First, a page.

Eye-catching: Emma Watson has been noticed by Hollywood executives
Certainly, Aronofsky listened intently to what she had to say, and perhaps he’ll toughen her up in a year or two in a movie about a ballet-loving female wrestler (OK, for you slow ones at the back, he made The Wrestler and Black Swan).
The 20-year-old was still chatting at 4.15am as organisers from the Weinstein studio and Momentum Films were desperate to go home.
The actress, who has played Hermione Granger in the Harry Potter films for half of her life — the last of which, The Deathly Hallows: Part 2, is released in July — has star quality in spades. She has a grace and style that’s rare.
Soon she will go before the cameras to film The Perks Of Being A Wallflower opposite Logan Lerman, while autumn will see the release of Simon Curtis’s film My Week With Marilyn, in which she has a small role opposite Michelle Williams and Eddie Redmayne.
Why Tom's taking the next few months at the gallop
Variety show: Tom Hiddleston will play an exciting range of characters in a year that will see him fill cinema screens
The Cambridge and Royal Academy Of Dramatic Art graduate has four major movies out this year, including Steven Spielberg’s version of War Horse, Terence Davies’s The Deep Blue Sea, Kenneth Branagh’s Thor and Woody Allen’s Midnight In Paris, which will open the Cannes Film Festival in May.
I’ve heard the odd whisper about War Horse having a special screening in Cannes, but at present that’s all they are — whispers.
‘Just to have one of the jobs would have been enough, but to have them all crammed into 12 months has been amazing,’ Hiddleston told me.
All the roles are totally different. In Deep Blue Sea, based on Terence Rattigan’s stage drama, he plays Freddie Page, a troubled former RAF World War II pilot who introduces the wife of a High Court judge (played by Rachel Weisz) to the kind of physical love she’s not been getting from her husband.
When I ask Tom if Hester (Rachel’s character) is just using him as a sex object, he laughs: ‘I think Freddie’s more than just good in bed. I hope that she sees more in him than that.
‘Freddie is somebody who’s really alive in every respect: in his sexuality, in his joy, in his anger,’ the actor told me.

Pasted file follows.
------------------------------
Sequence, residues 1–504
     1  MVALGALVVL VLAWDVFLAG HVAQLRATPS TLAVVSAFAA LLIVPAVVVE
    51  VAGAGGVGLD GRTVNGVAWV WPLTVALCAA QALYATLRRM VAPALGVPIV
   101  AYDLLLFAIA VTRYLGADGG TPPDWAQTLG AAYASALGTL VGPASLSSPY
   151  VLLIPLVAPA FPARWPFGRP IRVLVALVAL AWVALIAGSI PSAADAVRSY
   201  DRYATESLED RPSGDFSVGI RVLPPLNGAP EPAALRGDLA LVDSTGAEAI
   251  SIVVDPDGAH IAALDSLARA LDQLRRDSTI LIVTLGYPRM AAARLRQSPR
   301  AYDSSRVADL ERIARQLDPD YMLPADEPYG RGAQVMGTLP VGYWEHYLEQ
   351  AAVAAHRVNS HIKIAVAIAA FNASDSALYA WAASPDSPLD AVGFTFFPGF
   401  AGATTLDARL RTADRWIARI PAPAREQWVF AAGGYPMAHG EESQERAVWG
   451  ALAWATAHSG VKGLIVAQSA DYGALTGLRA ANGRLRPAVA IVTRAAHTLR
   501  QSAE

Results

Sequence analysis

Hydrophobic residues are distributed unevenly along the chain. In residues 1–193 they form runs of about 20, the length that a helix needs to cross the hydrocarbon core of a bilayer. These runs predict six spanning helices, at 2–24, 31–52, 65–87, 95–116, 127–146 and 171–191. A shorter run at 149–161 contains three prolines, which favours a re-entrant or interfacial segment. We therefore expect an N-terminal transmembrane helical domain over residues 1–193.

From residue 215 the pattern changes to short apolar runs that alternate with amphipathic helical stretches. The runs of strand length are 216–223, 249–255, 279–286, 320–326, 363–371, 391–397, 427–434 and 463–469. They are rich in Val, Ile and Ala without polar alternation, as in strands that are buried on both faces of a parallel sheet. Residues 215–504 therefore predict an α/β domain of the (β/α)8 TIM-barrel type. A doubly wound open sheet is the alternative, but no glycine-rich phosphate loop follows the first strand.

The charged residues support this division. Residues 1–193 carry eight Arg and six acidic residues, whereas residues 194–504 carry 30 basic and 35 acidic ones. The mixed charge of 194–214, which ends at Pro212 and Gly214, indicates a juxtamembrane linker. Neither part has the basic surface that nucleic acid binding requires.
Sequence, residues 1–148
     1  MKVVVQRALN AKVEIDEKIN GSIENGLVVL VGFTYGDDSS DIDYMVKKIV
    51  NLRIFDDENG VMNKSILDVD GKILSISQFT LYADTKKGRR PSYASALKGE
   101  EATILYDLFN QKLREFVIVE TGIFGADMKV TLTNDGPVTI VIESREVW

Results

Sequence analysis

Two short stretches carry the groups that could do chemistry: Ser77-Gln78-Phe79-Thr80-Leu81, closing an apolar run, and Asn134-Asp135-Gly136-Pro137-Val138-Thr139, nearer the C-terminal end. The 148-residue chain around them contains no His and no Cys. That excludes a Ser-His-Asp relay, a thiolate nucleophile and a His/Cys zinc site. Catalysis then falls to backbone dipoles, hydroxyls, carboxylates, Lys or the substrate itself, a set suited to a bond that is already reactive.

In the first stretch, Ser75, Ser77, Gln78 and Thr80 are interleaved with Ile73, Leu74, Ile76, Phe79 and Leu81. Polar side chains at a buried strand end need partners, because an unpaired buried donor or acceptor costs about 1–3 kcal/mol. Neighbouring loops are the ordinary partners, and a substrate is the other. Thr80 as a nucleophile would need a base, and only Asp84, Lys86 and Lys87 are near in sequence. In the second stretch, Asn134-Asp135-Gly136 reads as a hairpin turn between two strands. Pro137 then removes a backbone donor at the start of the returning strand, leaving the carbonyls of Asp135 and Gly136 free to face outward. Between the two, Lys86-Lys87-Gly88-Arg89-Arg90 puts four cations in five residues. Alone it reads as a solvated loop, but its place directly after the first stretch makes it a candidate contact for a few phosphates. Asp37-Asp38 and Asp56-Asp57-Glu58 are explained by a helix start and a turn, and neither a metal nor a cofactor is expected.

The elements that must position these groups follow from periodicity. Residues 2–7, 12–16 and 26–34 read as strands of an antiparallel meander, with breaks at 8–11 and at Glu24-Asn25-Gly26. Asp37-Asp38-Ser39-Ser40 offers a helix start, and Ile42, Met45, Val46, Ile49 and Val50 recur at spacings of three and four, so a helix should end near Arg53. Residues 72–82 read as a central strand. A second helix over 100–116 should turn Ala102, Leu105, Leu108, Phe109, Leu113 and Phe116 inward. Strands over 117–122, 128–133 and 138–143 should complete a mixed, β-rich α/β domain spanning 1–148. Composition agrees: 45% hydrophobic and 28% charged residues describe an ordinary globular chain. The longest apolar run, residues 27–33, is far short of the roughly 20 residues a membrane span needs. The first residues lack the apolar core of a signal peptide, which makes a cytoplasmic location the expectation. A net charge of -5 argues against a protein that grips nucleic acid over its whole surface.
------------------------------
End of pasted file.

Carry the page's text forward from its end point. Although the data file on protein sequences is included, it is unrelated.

‘So, I hope she goes for his vitality.’
But Freddie’s in denial about the psychological harm he suffered during the war.
‘He doesn’t want drama in his life, but there’s a lot of drama with Hester — she knows how to love, and he doesn’t. He’s not prepared to look at Hester’s pain because in Hester’s pain, he sees his own.’
Davies shot the film on locations around London several weeks ago, but some friends who have seen a rough assemblage of footage tell me it’s stunning, and the three leads (Tom, Rachel and Simon Russell Beale) are heartbreaking to watch.
Tom’s role in the superhero saga Thor, meanwhile, is about as far from Freddie as it’s possible to get. Loki starts off as a younger brother to Thor ‘and travels all the way to out-and-out villain’.
‘Rivalry and jealousy come to the surface and he goes through the motions of becoming like Iago,’ Tom explained.
He also spent three months on War Horse playing Captain Nicholls, the officer who first purchases Joey, the farm horse, and takes him as his mount to the fields of battle.
‘I’d say 90 per cent of my work in War Horse is on a horse,’ he mused. ‘It’s almost not like conventional acting at all, because you’re either walking or trotting or cantering or charging.’
He told me that one of his earliest memories as a young boy was watching Harrison Ford in Raiders Of The Lost Ark. ‘I thought, “I want to do that!” — ride horses, be a hero and have Steven Spielberg’s cameras pointing at me.’
He and fellow actors Benedict Cumberbatch and Patrick Kennedy spent six weeks riding before the cameras rolled. ‘I could ride a bit, but I had to get really good,’ he said.
Tom was born in London, although his dad’s from the west of Glasgow, so he’s looking forward to playing a Scot one day.
He mentioned that to Peter Mullan, the Scottish director-actor who’s a co-star in War Horse. ‘He went: “Oh my god, man! You should not have told me that. I’ll have to put you in my next movie.” ’
Another royally runaway success?David Seidler, who wrote The King’s Speech, is embarking on another cinematic adventure, this time about Lady Hester Stanhope, who was called the ‘Queen of the East’ in the mid-19th century. She was an eccentric explorer or, as Seidler told me, ‘a female Lawrence of Arabia’.
The film is being developed by Gareth Unwin, whose Bedlam Productions was one of The King’s Speech backers, and Richard Price, the impresario who funded initial development not only of The King’s Speech but the Mamma Mia! stage musical when producer Judy Craymer needed early funds.
His instinct is astute and he has made a tidy amount of Money Money Money in the process.
Rolling out the red carpetThe most expensive star Cameron Mackintosh has ever hired (we’re talking more than he paid Michael Crawford to play the Phantom) flew into London first-class from Melbourne yesterday.
Her name is Betty Blue Eyes and she’s the star (though Sarah Lancashire and Reece Shearsmith may have something to say about that) of Mackintosh’s new show. Clean-living Betty is a gorgeous pig, but she’s not being raised for bacon.
She’s an animatronic, created by the Creature Technology Company for the Anthony Drewe-George Stiles musical based on Alan Bennett’s film A Private Function.
It’s about a town’s desire to put on an illegal roast during the post-war nuptials of Princess Elizabeth and Prince Philip. The Prince will attend a special preview performance to raise funds for the Colonel’s Fund Grenadier Guards. Betty will be in the line-up.